Advanced Micro Devices has announced it will sell ARM-based server processors in 2014, ending its exclusive commitment to the x86 architecture and adding a new dimension to its decades-old battle with Intel.
AMD will license a 64-bit processor design from ARM and combine it with the Freedom Fabric interconnect technology it acquired when it bought SeaMicro earlier this year, AMD said Monday.
The result will be a new line of system-on-chip Opteron processors that AMD said will be ideal for the type of massive, web-scale workloads running in giant data centers like those operated by Facebook and Amazon.
AMD CEO Rory Read called the announcement a “seminal moment” and compared it to AMD’s introduction of the first 64-bit x86 processors in 2003. AMD beat Intel to the punch with that move, and it hopes to gain a similar advantage by embracing ARM.
It’s not clear yet if ARM-based CPUs will be successful in servers, but one industry analyst said the move by AMD will help. “I really think this raises ARM’s server credibility, and the credibility of microservers as a segment,” said Patrick Moorhead, president of Moor Insights and Strategy.
Server chips based on the x86 architecture will continue to be the mainstay of AMD’s server business, Read said, but he thinks the ARM-based chips will open up new markets for the company. And while AMD is focused initially on servers, he didn’t rule out the possibility that it will eventually make ARM processors for client devices such as tablets as well.
AMD hopes to sell the new server chips to vendors such as Dell and Hewlett-Packard, and will also sell them in its own servers under the SeaMicro brand. Today those systems are based on x86 processors.
AMD was joined at the event by representatives from Red Hat, Dell, Facebook and (by video) Amazon, a sign of the interest ARM-based server chips are generating.
The timing of Monday’s announcement was a bit awkward, since ARM has yet to unveil the 64-bit processor design that AMD plans to license. It’s likely to be a design code-named Atlas that ARM is expected to unveil at its TechCon conference Tuesday, though neither company would confirm that Monday.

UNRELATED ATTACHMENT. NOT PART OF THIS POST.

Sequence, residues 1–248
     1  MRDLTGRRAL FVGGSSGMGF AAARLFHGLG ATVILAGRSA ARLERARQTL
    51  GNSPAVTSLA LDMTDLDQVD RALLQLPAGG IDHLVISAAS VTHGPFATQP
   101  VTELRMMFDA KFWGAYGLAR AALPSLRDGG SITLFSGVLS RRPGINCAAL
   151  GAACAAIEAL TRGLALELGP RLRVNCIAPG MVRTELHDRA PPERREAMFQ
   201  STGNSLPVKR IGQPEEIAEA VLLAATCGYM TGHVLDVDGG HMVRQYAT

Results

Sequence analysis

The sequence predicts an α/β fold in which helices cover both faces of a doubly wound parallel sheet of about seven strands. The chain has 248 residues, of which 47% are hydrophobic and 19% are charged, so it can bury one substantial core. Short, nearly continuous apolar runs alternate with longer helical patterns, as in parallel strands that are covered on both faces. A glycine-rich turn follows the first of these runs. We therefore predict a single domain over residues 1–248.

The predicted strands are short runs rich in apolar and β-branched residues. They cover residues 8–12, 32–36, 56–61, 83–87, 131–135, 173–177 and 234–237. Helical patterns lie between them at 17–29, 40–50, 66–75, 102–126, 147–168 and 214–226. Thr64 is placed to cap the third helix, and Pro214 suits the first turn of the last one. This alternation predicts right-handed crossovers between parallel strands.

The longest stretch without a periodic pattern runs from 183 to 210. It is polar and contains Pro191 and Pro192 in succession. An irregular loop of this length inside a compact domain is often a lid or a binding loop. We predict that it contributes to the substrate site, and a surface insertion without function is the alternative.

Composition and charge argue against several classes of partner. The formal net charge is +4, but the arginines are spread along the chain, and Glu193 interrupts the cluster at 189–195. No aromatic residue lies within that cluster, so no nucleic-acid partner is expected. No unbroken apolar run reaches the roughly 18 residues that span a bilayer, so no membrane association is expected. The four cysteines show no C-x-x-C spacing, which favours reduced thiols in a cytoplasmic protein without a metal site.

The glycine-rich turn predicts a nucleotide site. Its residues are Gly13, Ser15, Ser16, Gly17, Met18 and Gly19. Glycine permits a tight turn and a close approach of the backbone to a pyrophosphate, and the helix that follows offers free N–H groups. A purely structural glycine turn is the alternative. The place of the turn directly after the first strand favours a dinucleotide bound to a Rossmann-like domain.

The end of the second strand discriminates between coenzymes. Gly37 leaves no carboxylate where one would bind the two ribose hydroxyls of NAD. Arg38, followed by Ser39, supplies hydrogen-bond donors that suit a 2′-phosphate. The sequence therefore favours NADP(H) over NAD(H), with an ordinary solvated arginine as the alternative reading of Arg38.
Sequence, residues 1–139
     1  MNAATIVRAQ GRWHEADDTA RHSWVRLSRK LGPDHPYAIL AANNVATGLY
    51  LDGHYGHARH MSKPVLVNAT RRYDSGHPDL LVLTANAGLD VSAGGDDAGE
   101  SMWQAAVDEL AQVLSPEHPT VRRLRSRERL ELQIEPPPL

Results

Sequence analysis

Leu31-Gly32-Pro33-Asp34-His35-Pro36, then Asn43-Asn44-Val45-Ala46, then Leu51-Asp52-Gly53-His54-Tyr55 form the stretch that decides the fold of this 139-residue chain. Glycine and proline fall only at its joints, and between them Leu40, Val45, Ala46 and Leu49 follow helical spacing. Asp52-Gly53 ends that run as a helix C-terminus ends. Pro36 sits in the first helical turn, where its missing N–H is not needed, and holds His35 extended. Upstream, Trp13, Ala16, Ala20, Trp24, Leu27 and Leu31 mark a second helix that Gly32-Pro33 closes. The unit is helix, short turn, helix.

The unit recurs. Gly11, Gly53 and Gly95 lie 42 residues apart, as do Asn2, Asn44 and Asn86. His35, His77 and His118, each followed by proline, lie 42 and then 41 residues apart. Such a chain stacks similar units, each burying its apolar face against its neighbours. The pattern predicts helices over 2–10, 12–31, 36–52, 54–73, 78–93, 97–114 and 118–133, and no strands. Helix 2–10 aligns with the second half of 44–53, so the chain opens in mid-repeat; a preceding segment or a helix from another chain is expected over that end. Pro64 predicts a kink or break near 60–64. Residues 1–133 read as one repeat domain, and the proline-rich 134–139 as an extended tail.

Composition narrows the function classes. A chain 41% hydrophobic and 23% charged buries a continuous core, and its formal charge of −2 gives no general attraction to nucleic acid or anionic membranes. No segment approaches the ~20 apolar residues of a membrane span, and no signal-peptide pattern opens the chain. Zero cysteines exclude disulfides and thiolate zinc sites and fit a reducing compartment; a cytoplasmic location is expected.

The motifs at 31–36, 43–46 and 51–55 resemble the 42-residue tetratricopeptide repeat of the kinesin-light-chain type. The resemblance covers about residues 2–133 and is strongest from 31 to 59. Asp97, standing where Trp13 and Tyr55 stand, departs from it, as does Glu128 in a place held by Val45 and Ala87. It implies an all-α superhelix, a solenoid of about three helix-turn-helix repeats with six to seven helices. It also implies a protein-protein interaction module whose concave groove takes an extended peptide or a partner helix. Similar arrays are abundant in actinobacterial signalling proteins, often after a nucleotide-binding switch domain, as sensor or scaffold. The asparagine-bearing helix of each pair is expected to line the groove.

The timing was also bad because hurricane Sandy prevented ARM CEO Warren East from flying in from the UK in time to attend the event. He appeared in a video that was hastily shot in the back of a taxi at Heathrow airport, endorsing the partnership with AMD.
ARM-based servers make sense for the new computing requirements created by services such as social networks and online gaming, said Lisa Su, an AMD senior vice president and general manager. Those workloads need a processor that can efficiently handle very large volumes of small transactions.
“The data center is being inundated with massive amounts of data and there has to be a way to do it more efficiently in a smaller space with a lower cost point,” she said.
ARM architectures are considered more energy-efficient for some workloads because they were originally designed for mobile phones and consume less power. That has attracted several vendors to the space, including Calxeda, Applied Micro and Marvell, all of whom are developing ARM-based chips for servers.
AMD hopes to distinguish itself with two SeaMicro technologies — a custom chip that integrates many components from a traditional server board onto one chip, allowing for dense server designs; and its Freedom Fabric, which can connect thousands of servers in a cluster with low latency and at relatively low cost.
“The fabric technology is the secret sauce; this is what will make AMD’s server solution different from other vendors,” Su said.
Intel has said it won’t make ARM-based processors, in part because it doesn’t want to pay ARM a royalty on each chip. But it has been working hard to reduce the power consumption of its own server chips and said it is confident of its technology roadmap.
The company is due to release a low-power server chip in the second half of the year code-named Centerton, and will follow that up next year with a part dubbed Avoton.
“We have what is required by customers — low powered CPUs, support for key server features, and software compatibility to allow use of current workloads and not force any migration,” Intel spokesman Radek Walczyk said via email.
That still doesn’t give it an equivalent to AMD’s Freedom Fabric, however.
“Think of the chip as half the battle,” said Moorhead, the industry analyst. “The part of the battle [Intel] hasn’t discussed yet is the fabric that makes hundreds or thousands of these parts talk to each other. That’s the magic that guys like Calxeda and AMD are bringing to the table.”
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